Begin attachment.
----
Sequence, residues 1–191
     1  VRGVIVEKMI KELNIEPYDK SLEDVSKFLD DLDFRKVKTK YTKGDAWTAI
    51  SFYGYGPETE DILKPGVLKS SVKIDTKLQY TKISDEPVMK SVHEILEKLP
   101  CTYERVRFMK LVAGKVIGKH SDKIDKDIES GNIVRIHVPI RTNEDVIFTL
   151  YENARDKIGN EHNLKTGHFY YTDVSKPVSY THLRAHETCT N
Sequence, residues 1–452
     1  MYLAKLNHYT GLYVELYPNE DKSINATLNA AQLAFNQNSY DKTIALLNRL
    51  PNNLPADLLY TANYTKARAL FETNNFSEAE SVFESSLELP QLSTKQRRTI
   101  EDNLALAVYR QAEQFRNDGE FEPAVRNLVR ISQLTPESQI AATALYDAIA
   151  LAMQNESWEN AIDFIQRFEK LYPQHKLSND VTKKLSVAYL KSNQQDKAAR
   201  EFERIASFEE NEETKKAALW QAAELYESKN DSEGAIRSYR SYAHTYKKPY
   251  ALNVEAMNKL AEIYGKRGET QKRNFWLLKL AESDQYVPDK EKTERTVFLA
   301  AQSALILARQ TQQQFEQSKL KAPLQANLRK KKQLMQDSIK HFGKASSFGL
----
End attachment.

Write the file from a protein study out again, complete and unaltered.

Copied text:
Sequence, residues 1–191
     1  VRGVIVEKMI KELNIEPYDK SLEDVSKFLD DLDFRKVKTK YTKGDAWTAI
    51  SFYGYGPETE DILKPGVLKS SVKIDTKLQY TKISDEPVMK SVHEILEKLP
   101  CTYERVRFMK LVAGKVIGKH SDKIDKDIES GNIVRIHVPI RTNEDVIFTL
   151  YENARDKIGN EHNLKTGHFY YTDVSKPVSY THLRAHETCT N
Sequence, residues 1–452
     1  MYLAKLNHYT GLYVELYPNE DKSINATLNA AQLAFNQNSY DKTIALLNRL
    51  PNNLPADLLY TANYTKARAL FETNNFSEAE SVFESSLELP QLSTKQRRTI
   101  EDNLALAVYR QAEQFRNDGE FEPAVRNLVR ISQLTPESQI AATALYDAIA
   151  LAMQNESWEN AIDFIQRFEK LYPQHKLSND VTKKLSVAYL KSNQQDKAAR
   201  EFERIASFEE NEETKKAALW QAAELYESKN DSEGAIRSYR SYAHTYKKPY
   251  ALNVEAMNKL AEIYGKRGET QKRNFWLLKL AESDQYVPDK EKTERTVFLA
   301  AQSALILARQ TQQQFEQSKL KAPLQANLRK KKQLMQDSIK HFGKASSFGL